Is there any doubt that Walker is a modern day carpetbagger out to exploit our state resources for his personal gain? Moderate Wisconsin Republicans need to accept that he isn't really a member of their "team" and stop supporting him! Brand loyalty can only go so far- I mean, Republicans have families too, right?
  4. array1
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    array1 - March 07, 2013 1:13 pm
    walker also stated he wants to sell Wisconsin power companies. The Chinese will be first in line.
  5. SusanUpNorth
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    SusanUpNorth - March 07, 2013 11:56 am
    How about the Penokee Range, where that "profitable" iron ore body is supposed to exist?

    Circular arguments are what this current administration excels at. Just read all the articles on how the Mining for Jobs bill adds environmental protections, when in truth it does not.

    Susan Sommer
    Phelps, WI
  6. Mr Mellow
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    Mr Mellow - March 07, 2013 11:02 am
    So when Croatian officials call, Walker jumps?

    Wow, who knew the Croatian government was willing to help fund Walker's re-election?
  7. warmmidwest
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    warmmidwest - March 07, 2013 10:43 am
    The governor's spokesperson sets up a nice straw man - who cares if it's the Chinese signing your paycheck for work at the Wisconsin paper mill that's going out of business; the Wisconsin nuclear power plant that's going out of business; or the iron ore / frac sand mining start up? You have a job, so shut up!

    It's becoming clear that this IS the jobs strategy of the majority party in power - a great rape-a-thon of Wisconsin resources to foreign, corporate investors who in turn fund the political campaigns of the REAL gov't "takers."
  8. bookman21
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    bookman21 - March 07, 2013 9:53 am
    Most of Walker's ideas have not been his own and none of them have benefited ordinary working people in Wisconsin.
    Just keep raising out of state money for you national aspirations and stay out of our lives Scooter.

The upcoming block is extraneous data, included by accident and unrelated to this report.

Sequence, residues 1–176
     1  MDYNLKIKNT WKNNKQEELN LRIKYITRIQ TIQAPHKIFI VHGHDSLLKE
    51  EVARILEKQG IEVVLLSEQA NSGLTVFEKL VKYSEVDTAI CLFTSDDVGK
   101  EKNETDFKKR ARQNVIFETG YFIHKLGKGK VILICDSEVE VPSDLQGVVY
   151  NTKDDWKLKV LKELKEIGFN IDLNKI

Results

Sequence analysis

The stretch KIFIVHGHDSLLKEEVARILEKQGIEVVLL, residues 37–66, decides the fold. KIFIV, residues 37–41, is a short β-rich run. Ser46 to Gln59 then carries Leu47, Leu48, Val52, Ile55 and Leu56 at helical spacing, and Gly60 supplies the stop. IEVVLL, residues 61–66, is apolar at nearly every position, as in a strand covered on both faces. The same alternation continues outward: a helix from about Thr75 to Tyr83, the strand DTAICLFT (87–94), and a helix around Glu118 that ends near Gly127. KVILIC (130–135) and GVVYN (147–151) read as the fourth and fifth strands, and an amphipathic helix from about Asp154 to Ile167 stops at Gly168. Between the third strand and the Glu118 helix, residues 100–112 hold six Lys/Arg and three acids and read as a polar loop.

9. paulwesterberg
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    paulwesterberg - March 07, 2013 8:56 am
    Walker will sell off a bunch of state assets and claim that he gave people a tax break while balancing the budget. Then 2-3 years later we are deep in debt again.

    This is a band-aid fix that will cause more long-term problems.
  10. lute
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    lute - March 07, 2013 8:49 am
    Did the idea for the change in the law come from Walker analyzing the state laws to find places to "clarify language"? I don't think so. Walker does what out of state groups tell him to do and then lies (or has his spokespeople lie) about the reasons. There is no way this is meant to benefit the people of Wisconsin- that's not how Walker rolls.
  11. AnAmericanGirl
    Report Abuse
    AnAmericanGirl - March 07, 2013 7:30 am
    The 125-year-old statute that limits foreign investors from certain countries from owning no more than 640 acres in the state is a good law. If We The People weren't taxed up the wazoo, we would have more $ to invest in our state. This is how ALL the laws on international land ownership should read, plus the law should include a clause prohibiting the same corp from using pseudo names ;in order to obtain more land that the law states.

    Read more: http://host.madison.com/news/local/govt-and-politics/scott-walker-may-be-open-to-changes-in-criticized-land/article_c6e64368-85f1-11e2-9311-0019bb2963f4.html#ixzz2MrNlbw3q
  12. Superpatriot
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    Superpatriot - March 07, 2013 6:58 am
    Scott Walker is already selling off Wisconsin to the highest bidder. Might as well make it official and open to all with no limits.
  13. swami
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    swami - March 07, 2013 6:29 am
    The Chinese Government Is Buying Up Economic Assets And Huge Tracts Of Land All Over The United States. http://endoftheamericandream.com/archives/the-chinese-government-is-buying-up-economic-assets-and-huge-tracts-of-land-all-over-the-united-states